Earlier this month, I broke down how to project running backs and wide receivers based on their rookie stats. For running backs, yards-per-carry is surprisingly the best predictor of future success, even more so than carries or yards. On the other hand, rookie wide receivers with the best bulk stats—yards and touchdowns—tend to have the best overall careers. Intuitively, that makes sense; yards-per-carry is a relatively stable stat that’s a solid indicator of a running back’s talent, whereas yards-per-reception is extremely volatile and very dependent on a wide receiver’s team, skill set, and so on.

Moving to quarterbacks, the choice isn’t as clear. Sure, yards-per-attempt is an excellent indicator of talent, but rookie quarterbacks are also very dependent on their surrounding cast. Further, we don’t have the same sample size of rookie quarterbacks to study; only a handful play in a given season, compared to numerous rookie running backs and wide receivers.

Below, I broke down the career outlooks of quarterbacks based on their rookie yards, touchdowns, and YPA. The top quarterbacks in each category were measured by their career approximate value.

As was the case with running backs, efficiency trumps bulk stats for quarterbacks. That is, those rookie quarterbacks that posted high YPA have been more successful than those that have thrown for a lot of touchdowns and yards. Remember, approximate value incorporates bulk stats, but not efficiency. That means the difference between YPA—a stat that isn’t a function of AV—and yards/touchdowns in terms of predicting future success is actually even greater than the numbers indicate. All other things equal, you want to draft quarterbacks who were highly efficient in their rookie seasons.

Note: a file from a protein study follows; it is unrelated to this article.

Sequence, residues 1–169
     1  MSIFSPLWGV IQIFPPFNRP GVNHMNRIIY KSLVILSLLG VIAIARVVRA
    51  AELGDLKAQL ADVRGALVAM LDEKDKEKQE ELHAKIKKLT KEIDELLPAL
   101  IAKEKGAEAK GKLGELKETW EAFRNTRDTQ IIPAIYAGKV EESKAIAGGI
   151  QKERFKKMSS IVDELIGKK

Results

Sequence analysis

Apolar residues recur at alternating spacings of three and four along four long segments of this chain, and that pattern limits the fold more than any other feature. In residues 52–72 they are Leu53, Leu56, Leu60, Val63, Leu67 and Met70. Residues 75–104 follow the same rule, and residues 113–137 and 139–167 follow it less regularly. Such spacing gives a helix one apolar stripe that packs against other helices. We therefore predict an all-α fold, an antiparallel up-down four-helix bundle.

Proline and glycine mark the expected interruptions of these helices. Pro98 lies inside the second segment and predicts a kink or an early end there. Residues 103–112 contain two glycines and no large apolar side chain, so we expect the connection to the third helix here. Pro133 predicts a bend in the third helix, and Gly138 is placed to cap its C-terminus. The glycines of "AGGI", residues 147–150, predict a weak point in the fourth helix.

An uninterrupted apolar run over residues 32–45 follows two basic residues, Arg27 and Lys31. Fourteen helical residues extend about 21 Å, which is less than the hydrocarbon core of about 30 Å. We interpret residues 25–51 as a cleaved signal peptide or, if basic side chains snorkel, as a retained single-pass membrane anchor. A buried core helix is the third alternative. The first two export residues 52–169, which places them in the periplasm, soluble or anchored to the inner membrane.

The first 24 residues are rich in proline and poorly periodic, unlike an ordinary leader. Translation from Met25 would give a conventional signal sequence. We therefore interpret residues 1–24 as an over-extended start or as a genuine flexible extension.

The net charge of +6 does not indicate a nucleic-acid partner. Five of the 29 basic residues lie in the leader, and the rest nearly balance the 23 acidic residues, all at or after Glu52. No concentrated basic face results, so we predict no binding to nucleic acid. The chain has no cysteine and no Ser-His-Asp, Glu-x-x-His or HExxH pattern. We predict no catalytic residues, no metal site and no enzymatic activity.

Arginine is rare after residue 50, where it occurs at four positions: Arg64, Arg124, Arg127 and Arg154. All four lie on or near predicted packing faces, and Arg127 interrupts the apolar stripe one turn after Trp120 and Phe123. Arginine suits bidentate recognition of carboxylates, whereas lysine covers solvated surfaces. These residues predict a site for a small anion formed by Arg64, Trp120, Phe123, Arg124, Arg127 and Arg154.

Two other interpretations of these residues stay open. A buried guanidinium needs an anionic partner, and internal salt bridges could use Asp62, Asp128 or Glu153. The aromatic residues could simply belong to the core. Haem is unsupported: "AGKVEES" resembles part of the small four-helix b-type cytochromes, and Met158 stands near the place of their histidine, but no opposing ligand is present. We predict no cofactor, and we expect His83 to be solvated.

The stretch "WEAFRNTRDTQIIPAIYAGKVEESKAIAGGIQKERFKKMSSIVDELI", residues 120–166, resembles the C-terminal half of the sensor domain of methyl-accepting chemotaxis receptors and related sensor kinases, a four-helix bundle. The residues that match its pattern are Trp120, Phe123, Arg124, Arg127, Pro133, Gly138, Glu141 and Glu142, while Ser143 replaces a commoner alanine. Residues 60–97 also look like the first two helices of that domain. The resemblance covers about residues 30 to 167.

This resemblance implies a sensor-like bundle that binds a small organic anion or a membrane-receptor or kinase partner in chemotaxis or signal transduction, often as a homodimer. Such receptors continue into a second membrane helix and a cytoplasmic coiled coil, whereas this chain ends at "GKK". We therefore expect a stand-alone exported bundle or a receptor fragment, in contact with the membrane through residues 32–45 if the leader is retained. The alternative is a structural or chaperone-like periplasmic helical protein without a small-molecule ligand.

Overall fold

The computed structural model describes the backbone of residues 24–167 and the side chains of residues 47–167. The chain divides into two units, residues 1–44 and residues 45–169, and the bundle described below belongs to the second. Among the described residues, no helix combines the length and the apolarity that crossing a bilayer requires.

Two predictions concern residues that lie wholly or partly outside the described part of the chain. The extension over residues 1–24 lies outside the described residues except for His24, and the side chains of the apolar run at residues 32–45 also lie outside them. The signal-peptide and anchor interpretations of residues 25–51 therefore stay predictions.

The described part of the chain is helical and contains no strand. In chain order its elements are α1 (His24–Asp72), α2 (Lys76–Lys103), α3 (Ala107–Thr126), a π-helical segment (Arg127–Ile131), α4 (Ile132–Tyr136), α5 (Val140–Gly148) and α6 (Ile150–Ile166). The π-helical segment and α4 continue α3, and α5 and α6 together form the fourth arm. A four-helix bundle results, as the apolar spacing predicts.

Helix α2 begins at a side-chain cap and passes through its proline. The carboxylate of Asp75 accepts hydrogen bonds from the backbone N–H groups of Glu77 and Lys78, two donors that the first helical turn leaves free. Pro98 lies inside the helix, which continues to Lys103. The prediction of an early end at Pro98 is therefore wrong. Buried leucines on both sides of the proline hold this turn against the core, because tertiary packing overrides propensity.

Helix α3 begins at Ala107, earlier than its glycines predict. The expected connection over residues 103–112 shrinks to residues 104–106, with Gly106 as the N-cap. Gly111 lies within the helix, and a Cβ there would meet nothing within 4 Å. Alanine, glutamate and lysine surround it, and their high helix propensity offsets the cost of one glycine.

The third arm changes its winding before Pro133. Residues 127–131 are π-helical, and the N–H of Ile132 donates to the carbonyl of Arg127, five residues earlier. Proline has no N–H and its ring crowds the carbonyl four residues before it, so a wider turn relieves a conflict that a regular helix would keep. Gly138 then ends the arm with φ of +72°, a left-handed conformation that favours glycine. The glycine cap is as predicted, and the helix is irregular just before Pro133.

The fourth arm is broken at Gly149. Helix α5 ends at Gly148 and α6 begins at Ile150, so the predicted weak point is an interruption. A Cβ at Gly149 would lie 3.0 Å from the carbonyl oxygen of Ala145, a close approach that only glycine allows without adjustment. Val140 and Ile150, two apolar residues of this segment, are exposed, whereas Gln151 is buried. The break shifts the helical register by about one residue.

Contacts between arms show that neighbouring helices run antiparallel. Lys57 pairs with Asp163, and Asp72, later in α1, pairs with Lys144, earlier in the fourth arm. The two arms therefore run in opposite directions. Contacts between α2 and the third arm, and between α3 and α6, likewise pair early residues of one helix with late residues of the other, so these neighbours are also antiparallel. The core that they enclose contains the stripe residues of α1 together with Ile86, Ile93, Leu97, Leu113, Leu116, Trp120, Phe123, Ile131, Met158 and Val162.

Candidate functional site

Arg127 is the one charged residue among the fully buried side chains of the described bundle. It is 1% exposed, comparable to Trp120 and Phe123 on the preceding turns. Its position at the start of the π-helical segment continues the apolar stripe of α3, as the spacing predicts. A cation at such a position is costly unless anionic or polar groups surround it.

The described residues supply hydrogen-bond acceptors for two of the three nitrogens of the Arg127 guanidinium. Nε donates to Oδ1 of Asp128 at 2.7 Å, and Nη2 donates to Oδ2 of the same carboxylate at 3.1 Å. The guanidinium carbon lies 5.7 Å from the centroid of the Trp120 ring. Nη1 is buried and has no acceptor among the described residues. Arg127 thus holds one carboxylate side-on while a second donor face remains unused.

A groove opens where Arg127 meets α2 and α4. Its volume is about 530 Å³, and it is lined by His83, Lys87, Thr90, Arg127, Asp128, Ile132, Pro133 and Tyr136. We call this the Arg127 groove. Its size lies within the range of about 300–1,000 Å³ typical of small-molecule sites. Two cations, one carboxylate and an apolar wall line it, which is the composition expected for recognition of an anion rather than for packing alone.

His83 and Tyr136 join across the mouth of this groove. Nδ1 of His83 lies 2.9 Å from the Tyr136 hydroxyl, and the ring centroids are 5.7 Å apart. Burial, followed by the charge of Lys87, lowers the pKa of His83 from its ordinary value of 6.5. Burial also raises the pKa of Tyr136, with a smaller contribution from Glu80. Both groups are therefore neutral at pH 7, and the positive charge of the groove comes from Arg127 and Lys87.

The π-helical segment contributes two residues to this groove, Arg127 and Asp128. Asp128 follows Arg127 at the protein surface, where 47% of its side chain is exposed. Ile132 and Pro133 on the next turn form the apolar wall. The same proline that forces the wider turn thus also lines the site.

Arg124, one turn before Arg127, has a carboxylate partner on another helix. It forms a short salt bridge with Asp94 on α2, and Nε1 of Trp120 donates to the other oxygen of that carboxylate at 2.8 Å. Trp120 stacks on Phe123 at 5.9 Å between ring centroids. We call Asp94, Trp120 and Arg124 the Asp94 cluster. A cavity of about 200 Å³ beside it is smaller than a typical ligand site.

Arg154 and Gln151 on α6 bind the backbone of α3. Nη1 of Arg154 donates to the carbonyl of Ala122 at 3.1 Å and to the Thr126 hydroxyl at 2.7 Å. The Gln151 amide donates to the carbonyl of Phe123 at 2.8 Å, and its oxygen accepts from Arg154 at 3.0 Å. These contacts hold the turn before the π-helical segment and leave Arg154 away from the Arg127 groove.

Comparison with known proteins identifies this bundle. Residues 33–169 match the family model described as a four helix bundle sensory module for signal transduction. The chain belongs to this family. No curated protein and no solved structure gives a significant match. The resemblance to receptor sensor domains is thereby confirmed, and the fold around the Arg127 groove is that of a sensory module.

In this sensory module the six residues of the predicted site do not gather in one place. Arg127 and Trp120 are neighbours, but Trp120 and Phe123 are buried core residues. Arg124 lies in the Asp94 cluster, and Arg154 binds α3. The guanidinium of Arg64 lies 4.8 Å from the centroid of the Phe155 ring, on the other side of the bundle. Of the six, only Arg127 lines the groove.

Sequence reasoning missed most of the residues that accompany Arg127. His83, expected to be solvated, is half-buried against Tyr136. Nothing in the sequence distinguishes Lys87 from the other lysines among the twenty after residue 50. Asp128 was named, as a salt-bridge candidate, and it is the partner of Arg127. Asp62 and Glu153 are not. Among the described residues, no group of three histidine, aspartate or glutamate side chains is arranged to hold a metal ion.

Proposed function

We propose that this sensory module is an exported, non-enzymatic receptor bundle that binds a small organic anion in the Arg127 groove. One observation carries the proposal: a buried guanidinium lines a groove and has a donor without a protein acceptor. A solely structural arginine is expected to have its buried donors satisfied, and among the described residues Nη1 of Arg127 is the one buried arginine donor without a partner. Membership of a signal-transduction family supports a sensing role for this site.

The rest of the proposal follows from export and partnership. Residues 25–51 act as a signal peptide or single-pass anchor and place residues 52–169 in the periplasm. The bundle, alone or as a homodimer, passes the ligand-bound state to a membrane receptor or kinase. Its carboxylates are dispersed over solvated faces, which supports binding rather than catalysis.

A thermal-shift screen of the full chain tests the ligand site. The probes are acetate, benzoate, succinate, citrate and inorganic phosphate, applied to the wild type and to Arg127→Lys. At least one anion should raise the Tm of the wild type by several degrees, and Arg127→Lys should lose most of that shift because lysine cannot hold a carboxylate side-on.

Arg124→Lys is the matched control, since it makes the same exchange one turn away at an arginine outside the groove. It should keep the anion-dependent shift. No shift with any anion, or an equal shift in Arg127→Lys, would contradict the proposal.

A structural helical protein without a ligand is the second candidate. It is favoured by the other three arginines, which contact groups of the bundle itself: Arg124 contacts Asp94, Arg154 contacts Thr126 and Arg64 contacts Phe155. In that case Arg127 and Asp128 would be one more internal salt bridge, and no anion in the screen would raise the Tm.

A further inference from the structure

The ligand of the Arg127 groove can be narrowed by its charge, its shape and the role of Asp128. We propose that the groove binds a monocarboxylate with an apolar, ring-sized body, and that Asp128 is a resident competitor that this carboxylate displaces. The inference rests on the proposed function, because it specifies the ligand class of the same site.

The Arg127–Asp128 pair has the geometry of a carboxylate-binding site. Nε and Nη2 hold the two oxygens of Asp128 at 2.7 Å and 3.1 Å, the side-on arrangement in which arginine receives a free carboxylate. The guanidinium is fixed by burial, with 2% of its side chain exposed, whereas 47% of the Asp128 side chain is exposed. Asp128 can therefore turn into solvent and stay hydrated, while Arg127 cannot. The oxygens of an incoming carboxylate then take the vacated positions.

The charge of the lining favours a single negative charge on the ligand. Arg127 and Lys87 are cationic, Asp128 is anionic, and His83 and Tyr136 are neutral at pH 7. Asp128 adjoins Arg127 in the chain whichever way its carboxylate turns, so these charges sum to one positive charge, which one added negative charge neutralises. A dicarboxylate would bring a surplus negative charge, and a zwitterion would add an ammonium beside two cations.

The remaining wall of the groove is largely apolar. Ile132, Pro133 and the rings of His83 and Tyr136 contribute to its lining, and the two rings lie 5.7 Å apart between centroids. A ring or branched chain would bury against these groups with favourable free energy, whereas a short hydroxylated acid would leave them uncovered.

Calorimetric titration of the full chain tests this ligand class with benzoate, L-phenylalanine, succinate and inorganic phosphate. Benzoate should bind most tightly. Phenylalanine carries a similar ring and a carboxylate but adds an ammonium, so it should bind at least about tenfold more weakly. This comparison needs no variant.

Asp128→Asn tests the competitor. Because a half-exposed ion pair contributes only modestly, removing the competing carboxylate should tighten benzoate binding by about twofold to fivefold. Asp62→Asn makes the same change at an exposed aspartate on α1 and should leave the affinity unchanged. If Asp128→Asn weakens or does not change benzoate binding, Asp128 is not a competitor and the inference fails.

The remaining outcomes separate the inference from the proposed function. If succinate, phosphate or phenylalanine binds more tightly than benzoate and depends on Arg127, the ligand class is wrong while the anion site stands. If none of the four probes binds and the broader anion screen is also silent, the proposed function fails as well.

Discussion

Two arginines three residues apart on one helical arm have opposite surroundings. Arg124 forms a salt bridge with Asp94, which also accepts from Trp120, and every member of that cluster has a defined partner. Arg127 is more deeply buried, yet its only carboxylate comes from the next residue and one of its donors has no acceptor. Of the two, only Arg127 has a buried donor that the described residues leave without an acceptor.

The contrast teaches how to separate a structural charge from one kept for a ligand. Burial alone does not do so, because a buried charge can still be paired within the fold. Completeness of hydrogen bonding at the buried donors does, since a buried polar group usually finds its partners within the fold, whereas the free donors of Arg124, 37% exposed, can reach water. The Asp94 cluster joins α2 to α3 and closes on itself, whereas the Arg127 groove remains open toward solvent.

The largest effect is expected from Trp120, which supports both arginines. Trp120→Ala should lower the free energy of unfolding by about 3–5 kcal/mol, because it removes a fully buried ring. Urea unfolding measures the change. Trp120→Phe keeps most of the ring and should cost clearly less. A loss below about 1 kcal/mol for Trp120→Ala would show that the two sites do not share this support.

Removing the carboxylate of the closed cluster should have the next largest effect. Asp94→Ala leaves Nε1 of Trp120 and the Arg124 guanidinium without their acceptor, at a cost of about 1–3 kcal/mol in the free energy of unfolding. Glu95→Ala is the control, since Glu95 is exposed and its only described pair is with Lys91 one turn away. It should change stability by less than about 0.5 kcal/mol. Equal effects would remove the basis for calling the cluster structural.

Check out the whole post at RotoWire.

By Jonathan Bales

How Cowboys Can Keep Pace with Redskins’ Offense

At DallasCowboys.com, I broke down the Redskins’ offense and how Dallas can stop it.

Redskins’ Rushing Offense

At 5.1 yards per carry (YPC), the Redskins rank third in the NFL in rushing efficiency. Led by rookies Robert Griffin III and Alfred Morris, Washington is actually an even better rushing team than their YPC suggests. By breaking down all running plays in terms of the “expected points” a team can expect to score on a given drive before and after a play, it’s possible to account for specific game situations. A 2-yard run on first-and-10 is a negative for an offense, it decreases expected points, whereas a 2-yard gain on fourth-and-1 dramatically increases expected points.

Washington ranks first in the NFL in expected points added from their running game at 37.4, well ahead of every other team. To give you a sense of just how dominant the Redskins’ rushing attack has been in 2012, consider that only seven teams in the entire NFL have even created positive expected points with their running games.

Check it out at the team site.

And at NBC, I took a look at three key matchups for the Cowboys’ offense.

WR Dez Bryant/Miles Austin versus CB DeAngelo Hall/Josh Wilson

It’s almost a foregone conclusion that Bryant will have a big game this week. The receiver has now scored in seven straight games, including three contests with two touchdowns. Bryant’s 23.3 percent touchdown rate over that time is phenomenal. Meanwhile, Redskins cornerbacks Hall and Wilson have both allowed at least 9.55 YPA and a 93.3 passer rating. Wilson has yielded six touchdowns and Hall a 69.6 percent completion rate.

Perhaps more important, Wilson and Hall have given up 463 and 366 yards-after-catch, respectively, ranking them as the worst and fourth-worst cornerbacks in the entire NFL. With the size and run-after-catch ability the Cowboys have with Austin and Bryant outside, look for the rate of quick screens to continue to increase.

Check out NBC for the full article.

By Jonathan Bales

Cowboys vs Redskins: 3 Things to Watch

I apologize for the lack of updates in the past day or two. In addition celebrating Festivus, I’ve also been traveling. I’ll try to keep the posts coming for the rest of the week, but feel free to head directly to DallasCowboys.com, NBC, and Dallas Morning News to read my game previews.